dust. After that, he stowed his supplies at the back, parked the sled near the front, set up a curtaining
force-screen across the entrance. The hole in the hill was now home.
Slumber did not come easily that first night. He lay within the cave, a ropy, knotted thing of glowing blue
with enormous, beelike eyes, and found himself listening for harps that played sixty million miles away.
His tentacle-ends twitched in involuntary search of the telepathic-contact songs that would go with the
harps, and twitched in vain. Darkness grew deep, and all the world a monstrous stillness held. His hearing
organs craved for the eventide flip-flop of sand-frogs, but there were no frogs. He wanted the homely
drone of night beetles, but none droned. Except for once when something faraway howled its heart at the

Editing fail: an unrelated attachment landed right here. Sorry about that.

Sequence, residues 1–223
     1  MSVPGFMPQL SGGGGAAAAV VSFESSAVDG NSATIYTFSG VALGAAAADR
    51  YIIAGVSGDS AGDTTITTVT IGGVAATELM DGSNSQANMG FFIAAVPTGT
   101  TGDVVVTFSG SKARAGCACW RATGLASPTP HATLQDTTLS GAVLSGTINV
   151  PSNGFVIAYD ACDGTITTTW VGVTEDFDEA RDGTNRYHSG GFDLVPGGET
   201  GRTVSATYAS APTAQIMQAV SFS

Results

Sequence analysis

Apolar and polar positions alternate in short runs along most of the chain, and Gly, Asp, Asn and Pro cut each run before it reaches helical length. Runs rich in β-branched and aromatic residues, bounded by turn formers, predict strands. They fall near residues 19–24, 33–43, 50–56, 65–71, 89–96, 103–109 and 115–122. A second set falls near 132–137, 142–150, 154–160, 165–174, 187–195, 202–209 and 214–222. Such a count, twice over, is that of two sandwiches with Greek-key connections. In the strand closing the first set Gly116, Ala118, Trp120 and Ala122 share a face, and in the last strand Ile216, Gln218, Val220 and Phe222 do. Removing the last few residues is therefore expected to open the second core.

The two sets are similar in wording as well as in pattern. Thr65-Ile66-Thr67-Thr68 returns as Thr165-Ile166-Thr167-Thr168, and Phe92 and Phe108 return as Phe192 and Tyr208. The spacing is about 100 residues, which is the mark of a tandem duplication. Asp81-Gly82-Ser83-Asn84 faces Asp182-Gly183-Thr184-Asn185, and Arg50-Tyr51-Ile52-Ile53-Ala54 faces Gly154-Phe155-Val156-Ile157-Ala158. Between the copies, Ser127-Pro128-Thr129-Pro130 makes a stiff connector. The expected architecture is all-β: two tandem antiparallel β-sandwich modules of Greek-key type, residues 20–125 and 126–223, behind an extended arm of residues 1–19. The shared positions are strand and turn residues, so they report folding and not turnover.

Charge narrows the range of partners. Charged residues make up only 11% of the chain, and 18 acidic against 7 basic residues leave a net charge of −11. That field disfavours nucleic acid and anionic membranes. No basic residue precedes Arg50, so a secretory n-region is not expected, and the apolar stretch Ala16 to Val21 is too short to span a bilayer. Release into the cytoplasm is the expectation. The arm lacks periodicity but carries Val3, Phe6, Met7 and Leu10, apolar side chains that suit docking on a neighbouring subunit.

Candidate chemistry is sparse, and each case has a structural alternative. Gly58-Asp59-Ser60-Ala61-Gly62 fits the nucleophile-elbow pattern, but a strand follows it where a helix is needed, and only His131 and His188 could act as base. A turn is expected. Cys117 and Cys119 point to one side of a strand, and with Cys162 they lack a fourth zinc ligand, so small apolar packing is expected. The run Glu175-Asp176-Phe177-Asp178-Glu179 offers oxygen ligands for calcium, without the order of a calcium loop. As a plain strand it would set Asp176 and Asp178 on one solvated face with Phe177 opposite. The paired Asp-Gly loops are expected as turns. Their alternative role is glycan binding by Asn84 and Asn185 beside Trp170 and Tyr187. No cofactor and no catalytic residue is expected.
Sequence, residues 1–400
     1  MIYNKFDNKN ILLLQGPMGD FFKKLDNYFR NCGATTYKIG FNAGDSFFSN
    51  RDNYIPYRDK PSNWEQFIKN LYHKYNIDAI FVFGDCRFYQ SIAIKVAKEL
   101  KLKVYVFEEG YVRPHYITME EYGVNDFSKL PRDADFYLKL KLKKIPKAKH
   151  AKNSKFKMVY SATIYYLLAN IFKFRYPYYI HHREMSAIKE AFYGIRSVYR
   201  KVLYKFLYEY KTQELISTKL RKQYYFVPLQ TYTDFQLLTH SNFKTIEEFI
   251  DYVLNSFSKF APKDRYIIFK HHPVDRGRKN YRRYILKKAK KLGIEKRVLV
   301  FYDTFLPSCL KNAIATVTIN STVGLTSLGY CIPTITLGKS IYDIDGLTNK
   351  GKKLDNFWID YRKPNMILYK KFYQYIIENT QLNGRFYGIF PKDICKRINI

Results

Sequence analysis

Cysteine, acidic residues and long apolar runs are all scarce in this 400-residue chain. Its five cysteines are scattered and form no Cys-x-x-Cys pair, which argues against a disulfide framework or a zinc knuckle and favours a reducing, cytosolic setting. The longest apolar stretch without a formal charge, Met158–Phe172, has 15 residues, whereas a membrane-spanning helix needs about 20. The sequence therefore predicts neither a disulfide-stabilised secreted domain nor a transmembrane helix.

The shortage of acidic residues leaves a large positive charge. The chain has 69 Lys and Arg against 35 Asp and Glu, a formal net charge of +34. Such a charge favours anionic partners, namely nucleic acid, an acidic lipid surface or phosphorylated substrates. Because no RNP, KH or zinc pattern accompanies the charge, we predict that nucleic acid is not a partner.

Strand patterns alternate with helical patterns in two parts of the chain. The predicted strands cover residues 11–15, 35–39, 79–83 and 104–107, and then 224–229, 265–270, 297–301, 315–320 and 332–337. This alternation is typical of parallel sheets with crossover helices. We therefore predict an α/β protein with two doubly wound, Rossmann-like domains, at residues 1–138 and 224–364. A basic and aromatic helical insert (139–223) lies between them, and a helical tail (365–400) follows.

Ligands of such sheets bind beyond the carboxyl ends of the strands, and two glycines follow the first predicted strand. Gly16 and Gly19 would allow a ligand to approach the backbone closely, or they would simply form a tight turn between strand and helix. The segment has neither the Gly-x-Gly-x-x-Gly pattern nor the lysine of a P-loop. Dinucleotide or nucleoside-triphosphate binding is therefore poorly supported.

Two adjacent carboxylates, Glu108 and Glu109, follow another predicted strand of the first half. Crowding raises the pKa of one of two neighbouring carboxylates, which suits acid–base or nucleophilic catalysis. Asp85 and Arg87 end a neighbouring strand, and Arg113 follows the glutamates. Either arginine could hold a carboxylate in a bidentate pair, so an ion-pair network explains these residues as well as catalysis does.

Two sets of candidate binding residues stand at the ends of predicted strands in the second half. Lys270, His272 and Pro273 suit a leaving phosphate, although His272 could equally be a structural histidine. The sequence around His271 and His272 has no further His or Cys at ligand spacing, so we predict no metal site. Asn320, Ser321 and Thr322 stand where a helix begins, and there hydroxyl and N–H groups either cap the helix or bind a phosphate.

Moon, there was nothing, nothing.
In the morning he washed, ate, took out the sled and explored the site of a small town. He found little to
satisfy his curiosity, no more than mounds of shapeless rubble on ragged, faintly oblong foundations. It
was a graveyard of long-dead domiciles, rotting, weedy, near to complete oblivion. A view from five
hundred feet up gave him only one piece of information: the orderliness of outlines showed that these
people had been tidy, methodical.
But tidiness is not beauty in itself. He came back to the top of his hill and sought solace with the thing that
was beauty.
His explorations continued, not systematically as Skhiva would have performed them, but in accordance